Director: Olaf Johannesson
In any sports documentary you want to see a dedicated team of believers battling the odds to triumph in the face of adversity. And adversity is exactly what football manager Zico (no, not that one) found when he entered his team Afrika into the deild karla (Iceland’s third tier of football).
Zico came to Iceland from Morocco in search of his fortune but became depressed following his subsequent bankruptcy. In an attempt to lift this spirits, he formed Afrika, a multi-national squad of players based around a core of African players alongside others from countries including Serbia, Portugal and Columbia.
Africa United charts the team’s first foray into the (relative) upper echelons of Icelandic football. Zico and his team have just one real problem; they’re not very good. Each match seems to be a carnival of ill-discipline and sloppy defending, often exacerbated by the concession of a series of weak penalties (generally courtesy of the player-manager’s last-ditch attempts to stop conceding another goal). The situation isn’t helped by a constant clash of egos between the team’s flair players, Serbian Zlatko and Nigerian law-student Paul. But as the season goes on, can Afrika achieve a modicum of respectability?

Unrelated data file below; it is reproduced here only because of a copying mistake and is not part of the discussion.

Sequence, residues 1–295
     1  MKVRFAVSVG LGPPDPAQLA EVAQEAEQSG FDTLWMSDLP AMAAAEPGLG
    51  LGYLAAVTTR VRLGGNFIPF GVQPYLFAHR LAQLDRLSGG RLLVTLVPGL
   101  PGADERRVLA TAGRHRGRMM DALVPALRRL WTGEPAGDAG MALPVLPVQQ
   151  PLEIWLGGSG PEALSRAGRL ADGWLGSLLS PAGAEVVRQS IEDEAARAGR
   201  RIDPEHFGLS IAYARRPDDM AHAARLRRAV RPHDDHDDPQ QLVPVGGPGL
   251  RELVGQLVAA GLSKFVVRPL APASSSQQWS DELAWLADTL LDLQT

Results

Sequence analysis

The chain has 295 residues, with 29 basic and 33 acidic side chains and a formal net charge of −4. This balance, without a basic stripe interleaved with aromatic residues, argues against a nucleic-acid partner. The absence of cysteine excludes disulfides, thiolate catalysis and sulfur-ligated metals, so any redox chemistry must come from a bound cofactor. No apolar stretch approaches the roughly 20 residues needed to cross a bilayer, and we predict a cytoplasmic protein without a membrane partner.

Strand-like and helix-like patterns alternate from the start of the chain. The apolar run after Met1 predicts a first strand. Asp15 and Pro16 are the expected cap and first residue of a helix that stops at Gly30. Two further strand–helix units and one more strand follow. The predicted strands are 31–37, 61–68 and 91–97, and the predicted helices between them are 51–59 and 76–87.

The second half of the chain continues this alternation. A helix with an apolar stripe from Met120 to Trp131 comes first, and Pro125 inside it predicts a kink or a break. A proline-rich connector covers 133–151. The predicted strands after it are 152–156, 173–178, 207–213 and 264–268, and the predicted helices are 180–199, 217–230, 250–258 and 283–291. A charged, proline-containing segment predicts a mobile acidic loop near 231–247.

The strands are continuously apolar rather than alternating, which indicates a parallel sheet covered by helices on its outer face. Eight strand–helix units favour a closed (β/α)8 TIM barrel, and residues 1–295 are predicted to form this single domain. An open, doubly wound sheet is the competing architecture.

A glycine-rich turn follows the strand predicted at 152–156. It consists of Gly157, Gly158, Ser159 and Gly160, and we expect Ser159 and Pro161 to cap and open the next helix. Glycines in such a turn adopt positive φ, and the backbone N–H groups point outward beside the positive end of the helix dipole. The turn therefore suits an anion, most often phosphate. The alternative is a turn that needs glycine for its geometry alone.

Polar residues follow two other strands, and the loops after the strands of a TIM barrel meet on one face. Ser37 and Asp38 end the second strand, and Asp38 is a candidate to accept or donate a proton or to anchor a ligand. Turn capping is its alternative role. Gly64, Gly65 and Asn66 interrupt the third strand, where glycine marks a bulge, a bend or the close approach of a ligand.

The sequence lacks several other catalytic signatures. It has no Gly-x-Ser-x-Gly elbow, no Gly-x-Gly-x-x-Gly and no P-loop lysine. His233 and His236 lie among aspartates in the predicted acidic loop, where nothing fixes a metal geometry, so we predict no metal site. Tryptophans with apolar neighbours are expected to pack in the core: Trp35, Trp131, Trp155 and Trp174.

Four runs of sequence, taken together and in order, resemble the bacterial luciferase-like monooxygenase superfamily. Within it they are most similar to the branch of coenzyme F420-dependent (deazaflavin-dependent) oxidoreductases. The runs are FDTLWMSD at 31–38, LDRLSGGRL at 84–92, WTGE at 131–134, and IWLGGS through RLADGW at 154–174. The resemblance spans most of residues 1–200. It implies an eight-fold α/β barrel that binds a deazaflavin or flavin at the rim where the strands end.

Although this true story feels slightly embellished (and it’s no secret as the Poppoli Pictures website states), Afrika’s journey is a pacy, entertaining ride of hope amidst haplessness. Much of this is due to the innate charm of the film’s subjects – when they’re not haranguing referees or bickering about who’s to blame for the latest display, they’re all eminently likeable.
The succession of defeats is broken up with a few road trips abroad. We follow Zico back home to Morocco and on a pilgrimage to London to seek the advice of then Charlton manager Alan Curbishley. There’s also footage of Zlatko’s wedding home in Serbia. They’re fun diversions but you can’t help but feel that a deeper look into the experiences of the players’ new lives in Iceland would’ve providing this meagre story with far greater depth.
Although there’s not much to Africa United – the team loses, argues, loses again and argues again before a steady improvement – a surfeit of humour and an unusual subject makes for an engaging view for football fans. But most heartening is that
Zico and Afrika have maintained their challenge to the present day, with
many of the film’s stars carrying on the fight.
Africa United is available to buy online from Nammi.
“You could have, say, Ronaldo in the team. But if that Ronaldo is destroying everyone else, we don’t need him.”